Tahira Afzal - KeyBanc Capital Markets Inc., Research Division

No. I mean, actually, that was sufficient. I guess the third one was really synergy look at Keystone coming on. It sort of relieves a lot of block on the storage side, so...

John R. Hewitt

Yes, I think the Keystone thing for me is that, that oil is going to get to market. So if you're going to get to market in existing pipelines and then come down through from Canada into the U.S., or through railroad traffic, or trains, I'm sorry, or truck, or barge offshore. So it was going to get to market. Again for us, what the Keystone, the fact that federal government did not approve the Keystone pipeline, a nonvital [ph] will create opportunities for us in other areas where people are trying to find ways to get that oil in the market. So there's a market there, it's going to get there, there's going to be a need for terminals and tanks and pipelines, pumping stations and we think we're in a good position to take advantage of that.

Tahira Afzal - KeyBanc Capital Markets Inc., Research Division

Got it. And I mean, John, last call you talked about when you announce the key NAC acquisition, you did mention that you would be at a point that we can talk about some of the larger borrow opportunities of some tanks over the next couple of months potentially that you could talk about. To be on the call, you've said that you'll be talking a little more about in next quarter. Does it mean -- these opportunities are looking really real, you could potentially see something coming up in this near-term?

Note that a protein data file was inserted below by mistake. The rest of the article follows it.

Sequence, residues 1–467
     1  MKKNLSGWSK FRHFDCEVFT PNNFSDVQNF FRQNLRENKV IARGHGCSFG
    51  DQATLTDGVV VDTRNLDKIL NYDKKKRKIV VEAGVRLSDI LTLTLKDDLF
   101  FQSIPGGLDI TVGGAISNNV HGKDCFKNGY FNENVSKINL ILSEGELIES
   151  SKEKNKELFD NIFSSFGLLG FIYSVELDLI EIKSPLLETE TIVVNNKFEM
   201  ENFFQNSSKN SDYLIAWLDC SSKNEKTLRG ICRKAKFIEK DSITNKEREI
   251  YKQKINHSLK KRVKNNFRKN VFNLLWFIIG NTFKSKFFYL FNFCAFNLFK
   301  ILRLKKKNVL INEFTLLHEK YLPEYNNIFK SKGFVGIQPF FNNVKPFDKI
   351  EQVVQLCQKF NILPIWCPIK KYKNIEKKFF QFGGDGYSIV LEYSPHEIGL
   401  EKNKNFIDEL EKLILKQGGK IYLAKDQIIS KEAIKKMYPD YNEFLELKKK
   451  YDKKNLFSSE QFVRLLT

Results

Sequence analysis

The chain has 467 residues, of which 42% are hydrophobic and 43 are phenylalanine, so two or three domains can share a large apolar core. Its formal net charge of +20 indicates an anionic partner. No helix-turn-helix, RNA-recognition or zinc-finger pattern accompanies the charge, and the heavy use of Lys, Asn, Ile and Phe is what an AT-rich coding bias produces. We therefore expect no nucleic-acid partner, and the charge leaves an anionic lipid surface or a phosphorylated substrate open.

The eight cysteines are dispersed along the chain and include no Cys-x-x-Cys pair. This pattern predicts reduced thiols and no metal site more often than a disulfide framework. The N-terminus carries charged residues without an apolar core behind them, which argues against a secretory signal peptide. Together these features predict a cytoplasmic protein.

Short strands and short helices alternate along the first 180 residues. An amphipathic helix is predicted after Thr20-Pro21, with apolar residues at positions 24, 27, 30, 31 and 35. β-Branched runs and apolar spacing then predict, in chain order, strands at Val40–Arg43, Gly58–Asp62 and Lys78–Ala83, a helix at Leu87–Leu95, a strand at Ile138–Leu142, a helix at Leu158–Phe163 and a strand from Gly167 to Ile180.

John R. Hewitt

So we are currently executing a combined cycle project now, I can say it was in backlog, came in with the business. They've got an opportunity list of other projects that fit our risk and execution model profile. We're not prepared to talk about those today, but we're pretty comfortable with that list. And whether they're going to focus their efforts to go in that work, and certainly through the course of the next 12 months, we would expect to add in one or another project into our backlog.

Operator

We have a follow-up from Martin Malloy of Johnson Rice.

Martin W. Malloy - Johnson Rice & Company, L.L.C., Research Division

And just looking at your balance sheet, it's still a pretty healthy cash balance there. Could you discuss your appetite for doing additional acquisitions? Has it diminished at all with this one?

John R. Hewitt

No, I would say we're still having a strategy of adding acquisitions that fit our strategic plan. Right now, we will not, I would say we will, unless something really interesting came to light. We're not actively pursuing another contract or sort of the size of Kvaerner over the next probably 6 or 12 months. But we are actively pursuing smaller tuck-in acquisitions and we'll continue to look for those and find the ones that fit our strategy the best that we think presents the best pricing point.

Operator

There are no further questions at this time. I'd like to turn the call over to management for any closing remark.

John R. Hewitt

Well, thank you everybody for being with us today. It was a great quarter. We appreciate your thanks in that and all of your interesting questions, and we look forward to talking to you at the end of Q3. Thank you.

Operator

Ladies and gentlemen, thank you for your participation in today's conference. This concludes the program. You may now disconnect. Have a wonderful day.